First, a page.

I finally decided the best thing to do was to just start running the boat into everything. Then we'd be sure to hit it, whatever it was. Of course I'd have to clear my idea with the captain first. Fortunately, he and his employers were just as anxious to get this bet over with and start spending their winnings as I was, so after a quick phone call to them he said okay, sport, let's go.

At my direction, we began running the ship into reefs and rocks and every other navigational hazard we could find. We rammed into lighthouses, backed over fishing boats, and drove up on beaches and knocked over those lifeguard things.

Everything we hit was either severely damaged or destroyed, but the Titanic steamed away without a scratch every time. I knew it was waterproof, but now I was finding out that it was unbreakable too. The captain said that all of the parts that went into building it were just too big to break, that's why. How do you sink something like that? What a ship.

I insisted we keep trying, at least for awhile. For $100,000 I figured I should get at least 100 crashes, maybe 100,000. The captain didn't mind. He was supremely confident in his ship. Plus, he'd never had so much fun in his life. He said he wished he'd met me before.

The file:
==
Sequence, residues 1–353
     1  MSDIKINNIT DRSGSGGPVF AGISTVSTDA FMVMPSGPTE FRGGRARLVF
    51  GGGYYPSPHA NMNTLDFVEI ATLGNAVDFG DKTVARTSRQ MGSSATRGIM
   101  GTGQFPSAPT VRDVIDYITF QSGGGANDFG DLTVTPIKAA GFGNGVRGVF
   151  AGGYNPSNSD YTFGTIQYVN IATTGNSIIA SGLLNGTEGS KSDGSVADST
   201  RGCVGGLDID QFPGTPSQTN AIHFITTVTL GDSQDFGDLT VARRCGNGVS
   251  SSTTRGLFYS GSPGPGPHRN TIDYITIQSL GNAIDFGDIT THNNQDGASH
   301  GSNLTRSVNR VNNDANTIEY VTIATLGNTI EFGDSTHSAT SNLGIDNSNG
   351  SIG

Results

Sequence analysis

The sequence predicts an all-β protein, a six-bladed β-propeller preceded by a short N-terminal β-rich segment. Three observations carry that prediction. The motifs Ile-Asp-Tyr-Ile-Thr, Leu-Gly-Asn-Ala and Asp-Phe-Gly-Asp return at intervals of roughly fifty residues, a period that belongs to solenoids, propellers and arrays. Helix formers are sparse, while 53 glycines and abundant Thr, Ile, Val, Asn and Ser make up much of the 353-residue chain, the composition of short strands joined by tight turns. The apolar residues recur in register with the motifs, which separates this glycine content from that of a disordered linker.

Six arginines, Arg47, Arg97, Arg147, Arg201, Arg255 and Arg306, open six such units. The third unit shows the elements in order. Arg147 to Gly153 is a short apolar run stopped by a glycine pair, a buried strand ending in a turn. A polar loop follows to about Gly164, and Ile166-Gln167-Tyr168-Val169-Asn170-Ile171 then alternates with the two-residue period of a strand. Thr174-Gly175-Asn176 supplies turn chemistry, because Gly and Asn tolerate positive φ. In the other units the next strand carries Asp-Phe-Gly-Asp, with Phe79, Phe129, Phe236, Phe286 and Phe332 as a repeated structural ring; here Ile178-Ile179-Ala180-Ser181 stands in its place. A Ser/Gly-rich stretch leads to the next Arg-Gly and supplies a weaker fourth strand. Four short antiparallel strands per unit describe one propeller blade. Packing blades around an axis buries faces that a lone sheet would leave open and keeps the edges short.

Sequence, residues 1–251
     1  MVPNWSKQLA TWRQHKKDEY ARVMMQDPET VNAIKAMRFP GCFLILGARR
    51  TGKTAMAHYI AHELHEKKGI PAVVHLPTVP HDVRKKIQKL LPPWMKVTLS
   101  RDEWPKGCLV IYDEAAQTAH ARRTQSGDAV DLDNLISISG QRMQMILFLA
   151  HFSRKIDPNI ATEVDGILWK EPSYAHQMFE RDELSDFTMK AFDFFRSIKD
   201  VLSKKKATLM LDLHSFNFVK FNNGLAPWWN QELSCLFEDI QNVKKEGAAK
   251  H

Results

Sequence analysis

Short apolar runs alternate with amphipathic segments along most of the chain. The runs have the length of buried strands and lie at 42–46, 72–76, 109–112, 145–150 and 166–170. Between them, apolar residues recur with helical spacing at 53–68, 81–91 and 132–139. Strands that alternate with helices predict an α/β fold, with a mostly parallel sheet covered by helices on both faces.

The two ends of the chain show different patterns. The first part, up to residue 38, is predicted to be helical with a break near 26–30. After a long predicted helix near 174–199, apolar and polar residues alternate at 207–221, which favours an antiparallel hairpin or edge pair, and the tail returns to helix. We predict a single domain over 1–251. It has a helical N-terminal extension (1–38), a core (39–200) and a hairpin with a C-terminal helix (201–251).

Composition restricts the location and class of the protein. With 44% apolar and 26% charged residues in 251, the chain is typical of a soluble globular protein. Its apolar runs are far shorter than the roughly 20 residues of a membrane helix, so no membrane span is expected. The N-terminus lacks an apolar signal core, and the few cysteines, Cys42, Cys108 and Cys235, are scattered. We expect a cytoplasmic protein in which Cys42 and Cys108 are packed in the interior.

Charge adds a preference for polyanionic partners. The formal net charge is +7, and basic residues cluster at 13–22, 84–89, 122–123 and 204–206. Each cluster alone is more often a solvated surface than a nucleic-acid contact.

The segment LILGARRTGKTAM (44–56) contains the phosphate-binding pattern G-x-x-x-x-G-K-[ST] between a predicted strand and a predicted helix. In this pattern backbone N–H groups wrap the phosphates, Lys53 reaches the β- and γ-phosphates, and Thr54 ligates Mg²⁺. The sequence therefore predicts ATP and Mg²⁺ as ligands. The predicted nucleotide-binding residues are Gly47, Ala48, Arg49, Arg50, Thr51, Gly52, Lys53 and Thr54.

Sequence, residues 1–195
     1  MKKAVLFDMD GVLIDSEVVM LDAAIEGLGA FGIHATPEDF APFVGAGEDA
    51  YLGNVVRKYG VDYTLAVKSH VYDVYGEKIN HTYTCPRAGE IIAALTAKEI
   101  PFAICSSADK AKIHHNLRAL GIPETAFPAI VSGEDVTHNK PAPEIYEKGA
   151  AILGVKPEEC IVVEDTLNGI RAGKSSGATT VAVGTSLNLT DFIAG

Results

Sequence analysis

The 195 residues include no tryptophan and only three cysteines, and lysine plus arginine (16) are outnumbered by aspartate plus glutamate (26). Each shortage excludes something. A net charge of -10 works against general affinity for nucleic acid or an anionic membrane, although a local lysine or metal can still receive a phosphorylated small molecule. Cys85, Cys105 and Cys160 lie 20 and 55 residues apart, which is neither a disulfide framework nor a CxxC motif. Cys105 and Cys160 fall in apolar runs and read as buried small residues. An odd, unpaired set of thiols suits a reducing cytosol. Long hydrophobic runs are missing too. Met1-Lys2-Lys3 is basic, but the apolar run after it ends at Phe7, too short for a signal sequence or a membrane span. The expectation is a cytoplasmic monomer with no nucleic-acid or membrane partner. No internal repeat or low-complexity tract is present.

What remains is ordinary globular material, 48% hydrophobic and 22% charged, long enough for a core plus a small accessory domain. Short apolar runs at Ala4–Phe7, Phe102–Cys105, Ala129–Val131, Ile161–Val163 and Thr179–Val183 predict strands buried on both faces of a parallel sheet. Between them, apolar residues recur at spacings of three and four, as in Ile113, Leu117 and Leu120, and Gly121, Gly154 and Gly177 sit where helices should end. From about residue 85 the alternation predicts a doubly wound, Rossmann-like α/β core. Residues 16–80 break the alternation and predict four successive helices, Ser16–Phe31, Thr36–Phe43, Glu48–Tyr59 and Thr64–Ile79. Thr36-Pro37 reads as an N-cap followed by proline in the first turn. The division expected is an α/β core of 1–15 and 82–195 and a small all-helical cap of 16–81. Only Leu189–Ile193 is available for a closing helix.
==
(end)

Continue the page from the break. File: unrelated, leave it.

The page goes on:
But after we had wrecked a coastal town in France and one of our passengers had shot Teddy Roosevelt and we found ourselves hiding in fogbanks and telling all the passengers to keep their voices down for God's sake, as police boats patrolled slowly back and forth within 100 yards of us, and we could clearly see the cops looking at a wanted poster with a drawing of our boat on it showing me and the captain on the deck jumping with excitement, we realized that maybe we'd gone a little too far with all this.

Finally, the phrase that's currently a frontrunner for my tombstone:

When I'm trying to be funny, you'll know it. Because you'll be laughing your ass off.

A good percentage of these quotes were pulled from the three titles listed below, but you can find all Swartzwelder's books here. Also, if you're a signed copy person, here.

I'm open to debate. Who are you putting out there as the funniest working writer? Prove it, smartypants, if your pants are so smart. Comment with a quote.

About the author

Peter Derk lives, writes, and works in Colorado. Buy him a drink and he'll talk books all day.  Buy him two and he'll be happy to tell you about the horrors of being responsible for a public restroom.